Friday, July 31, 2009

Baltimore Oriole

Baltimore Oriole (ICTERUS GALBULA) 1950 edition Audubon print, with commentary on the reverse by Roger Tory Peterson. Printed in the USA, slightly larger than 9"x11". Rescued from a church bazaar, the pages have a slight yellow patina to them, to be expected after 60 years.

"As if following some invioble schedule orioles make their annual pilgrimage over tropical jumgles, across or around the Gulf of Mexico, through the plantations of the Gulf states and ever northward until in early May they reach the elm-shaded towns of the Great Lakes and New England. A few continue into southern Canada. Bad weather might hold them up a little, but not much, and they arrive within a day or two of the same date from year to year."

Thursday, July 30, 2009

Summer is almost over

Summer is almost over.
School will be starting soon.
Schedules and routines will begin
to carve away at time and energies.
The seasons will begin their shifting.
It's still July,
but I can already see
a few yellow leaves under the maples.
(Hopefully these are a harbinger
of a colorful fall, and not
a sign of impending drought.)
Before we know it,
we will wonder where
all the leaves went,
and The Dreaded Daylight Savings Time
will arrive,
plunging those of us who toil
deep in the windowless bowels
of lecture rooms,
cramped impromptu conference areas,
and ergonomically-challenged office spaces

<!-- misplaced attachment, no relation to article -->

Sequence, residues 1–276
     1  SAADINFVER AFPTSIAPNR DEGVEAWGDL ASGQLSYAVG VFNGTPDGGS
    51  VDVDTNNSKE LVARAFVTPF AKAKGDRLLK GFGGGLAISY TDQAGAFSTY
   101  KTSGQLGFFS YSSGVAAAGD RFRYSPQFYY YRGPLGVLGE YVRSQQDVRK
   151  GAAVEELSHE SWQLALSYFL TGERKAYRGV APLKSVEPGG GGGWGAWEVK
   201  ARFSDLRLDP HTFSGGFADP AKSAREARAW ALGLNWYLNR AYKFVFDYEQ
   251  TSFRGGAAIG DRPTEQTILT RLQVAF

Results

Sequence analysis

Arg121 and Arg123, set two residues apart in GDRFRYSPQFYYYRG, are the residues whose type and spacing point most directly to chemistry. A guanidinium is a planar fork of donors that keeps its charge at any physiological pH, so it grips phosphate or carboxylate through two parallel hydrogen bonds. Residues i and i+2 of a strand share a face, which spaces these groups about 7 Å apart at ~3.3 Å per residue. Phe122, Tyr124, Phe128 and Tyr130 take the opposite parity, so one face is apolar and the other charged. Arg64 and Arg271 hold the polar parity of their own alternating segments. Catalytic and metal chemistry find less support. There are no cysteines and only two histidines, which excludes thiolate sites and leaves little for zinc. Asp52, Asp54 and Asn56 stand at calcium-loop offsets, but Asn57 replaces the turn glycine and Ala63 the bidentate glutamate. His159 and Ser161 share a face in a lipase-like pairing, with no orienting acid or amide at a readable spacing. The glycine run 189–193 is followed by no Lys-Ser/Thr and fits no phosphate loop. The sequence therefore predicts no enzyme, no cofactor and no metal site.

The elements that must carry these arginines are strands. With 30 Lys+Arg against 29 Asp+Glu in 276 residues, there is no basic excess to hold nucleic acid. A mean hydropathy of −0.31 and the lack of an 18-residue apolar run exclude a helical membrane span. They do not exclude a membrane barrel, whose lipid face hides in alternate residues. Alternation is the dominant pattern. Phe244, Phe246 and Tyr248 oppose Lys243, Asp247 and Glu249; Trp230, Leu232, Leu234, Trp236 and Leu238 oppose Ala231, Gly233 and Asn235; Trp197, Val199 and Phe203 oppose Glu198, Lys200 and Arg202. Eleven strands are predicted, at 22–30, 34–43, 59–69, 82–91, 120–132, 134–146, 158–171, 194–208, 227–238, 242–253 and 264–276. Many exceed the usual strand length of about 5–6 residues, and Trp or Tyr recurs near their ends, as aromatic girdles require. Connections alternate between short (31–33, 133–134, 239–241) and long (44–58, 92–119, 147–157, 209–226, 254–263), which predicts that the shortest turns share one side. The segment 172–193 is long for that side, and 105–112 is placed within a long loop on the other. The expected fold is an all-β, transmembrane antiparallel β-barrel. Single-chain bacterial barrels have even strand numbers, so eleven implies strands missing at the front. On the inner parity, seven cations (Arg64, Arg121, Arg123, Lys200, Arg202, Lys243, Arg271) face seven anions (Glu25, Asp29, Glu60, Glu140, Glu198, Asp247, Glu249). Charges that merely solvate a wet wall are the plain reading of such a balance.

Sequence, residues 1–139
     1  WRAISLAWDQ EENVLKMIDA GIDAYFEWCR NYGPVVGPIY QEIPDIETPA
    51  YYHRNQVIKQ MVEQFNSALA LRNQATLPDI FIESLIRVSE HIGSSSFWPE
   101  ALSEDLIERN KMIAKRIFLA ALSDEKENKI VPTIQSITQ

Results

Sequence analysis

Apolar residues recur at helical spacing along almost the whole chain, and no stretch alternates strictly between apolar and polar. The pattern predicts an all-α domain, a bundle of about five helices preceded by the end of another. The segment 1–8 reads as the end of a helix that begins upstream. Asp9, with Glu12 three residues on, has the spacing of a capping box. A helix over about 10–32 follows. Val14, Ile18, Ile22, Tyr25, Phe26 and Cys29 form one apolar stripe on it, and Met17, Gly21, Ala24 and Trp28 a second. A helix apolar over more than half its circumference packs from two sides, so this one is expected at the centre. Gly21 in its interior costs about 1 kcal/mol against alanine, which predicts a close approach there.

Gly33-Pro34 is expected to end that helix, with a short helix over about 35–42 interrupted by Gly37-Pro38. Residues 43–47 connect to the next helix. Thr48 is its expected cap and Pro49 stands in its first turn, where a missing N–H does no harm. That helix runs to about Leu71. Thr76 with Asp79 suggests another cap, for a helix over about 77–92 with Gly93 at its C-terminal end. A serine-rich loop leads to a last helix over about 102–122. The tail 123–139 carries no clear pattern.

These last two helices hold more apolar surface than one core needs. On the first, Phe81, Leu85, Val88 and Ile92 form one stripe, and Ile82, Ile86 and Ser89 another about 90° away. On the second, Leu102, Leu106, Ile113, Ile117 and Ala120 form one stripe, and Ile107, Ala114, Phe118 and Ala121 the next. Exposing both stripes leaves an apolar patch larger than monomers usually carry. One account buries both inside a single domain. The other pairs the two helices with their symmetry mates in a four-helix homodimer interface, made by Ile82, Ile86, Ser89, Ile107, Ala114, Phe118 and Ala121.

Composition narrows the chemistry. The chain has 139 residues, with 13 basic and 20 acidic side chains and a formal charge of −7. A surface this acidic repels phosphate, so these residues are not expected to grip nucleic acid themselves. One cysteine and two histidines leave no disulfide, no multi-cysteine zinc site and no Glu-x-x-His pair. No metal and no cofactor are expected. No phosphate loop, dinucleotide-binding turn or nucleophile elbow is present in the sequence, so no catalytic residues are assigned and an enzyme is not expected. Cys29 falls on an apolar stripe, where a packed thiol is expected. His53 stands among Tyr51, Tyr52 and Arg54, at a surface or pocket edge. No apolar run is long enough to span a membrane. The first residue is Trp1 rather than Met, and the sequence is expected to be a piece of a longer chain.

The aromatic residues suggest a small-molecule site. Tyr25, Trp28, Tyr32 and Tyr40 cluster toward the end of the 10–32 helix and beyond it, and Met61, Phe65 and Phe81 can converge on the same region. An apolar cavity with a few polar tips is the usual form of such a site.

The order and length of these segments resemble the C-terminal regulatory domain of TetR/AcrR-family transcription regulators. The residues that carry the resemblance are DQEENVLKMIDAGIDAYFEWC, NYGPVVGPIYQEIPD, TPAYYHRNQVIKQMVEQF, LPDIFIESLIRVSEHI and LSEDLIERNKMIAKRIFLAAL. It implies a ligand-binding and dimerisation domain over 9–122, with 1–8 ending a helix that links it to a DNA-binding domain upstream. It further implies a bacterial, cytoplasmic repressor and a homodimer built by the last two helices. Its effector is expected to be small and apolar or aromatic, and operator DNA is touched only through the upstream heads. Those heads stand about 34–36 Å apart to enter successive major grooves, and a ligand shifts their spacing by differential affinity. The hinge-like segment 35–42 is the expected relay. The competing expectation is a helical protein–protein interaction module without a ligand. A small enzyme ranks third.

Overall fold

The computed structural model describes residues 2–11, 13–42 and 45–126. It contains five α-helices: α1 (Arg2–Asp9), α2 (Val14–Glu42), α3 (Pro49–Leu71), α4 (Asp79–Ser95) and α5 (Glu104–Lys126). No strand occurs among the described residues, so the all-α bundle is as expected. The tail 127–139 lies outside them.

designed by sadists
vehemently opposed to the concept of feng shui,
to commutes in utter darkness.
(This is the part
where you may join,
with the marching goblins
of the Wicked Witch of Western Oz,
in singing, "Ohh-wee-ohh, o-waaaay-ohh!"
The lament of teachers
and schoolchildren across the country
rises into the stifling summer sky,
mixed with the sobs of bus-drivers,
cooks, janitors
and an occasional part-time ice cream truck operator.
This mournful chorus is counterbalanced
by the long, grateful sighs of soon-to-be-liberated mothers, grandparents, babysitters and
(rare-as-hens-teeth) househusbands.
It is an annual call-and-response.
(This where you may insert
the gleeful caregivers as they parody
Snow Whites' dwarves in singing,
"Heigh, ho! Heigh ho! It's off to school they go...")
Soon most households will push the young
out of the nest,
if even for a few blessed hours.
Cats will nap peacefully.
Any doors remaining on their hinges
will remain closed.
Dust will settle.
To the goblin horde,
duty calls.
To the rest of you,
enjoy for now.

Tuesday, July 28, 2009


Mourning Dove (ZENAIDURA MACROURA) 1950 edition Audubon print. Printed in the USA, slightly larger than 9"x11". Rescued from a church bazaar, the pages have a slight yellow patina to them, to be expected after 60 years.

Audubon himself wrote:"On the branch above, a love scene is just commencing. The female, still coy and undetermined, seems doubtful of the truth of her lover, and virgin-like resolves to put his sincerity to the test, by delaying the gratification of his wishes. She has reached the extremity of the branch, her wings and tail already opening, and she will fly off to some more sequestered spot, where, if her lover should follow with the same assiduous devotion, they will doubtless become as blessed as the pair beneath them."

Monday, July 27, 2009

Purple Finch

This weekend we went to a book sale. One of the finds was a portfolio of 50 bird prints from 1950, designed by Audubon. I've had fun scanning them.


"Purple hardly describes the rosy hue of these attractive finches which Audubon has shown dangling from the tips of larch twigs."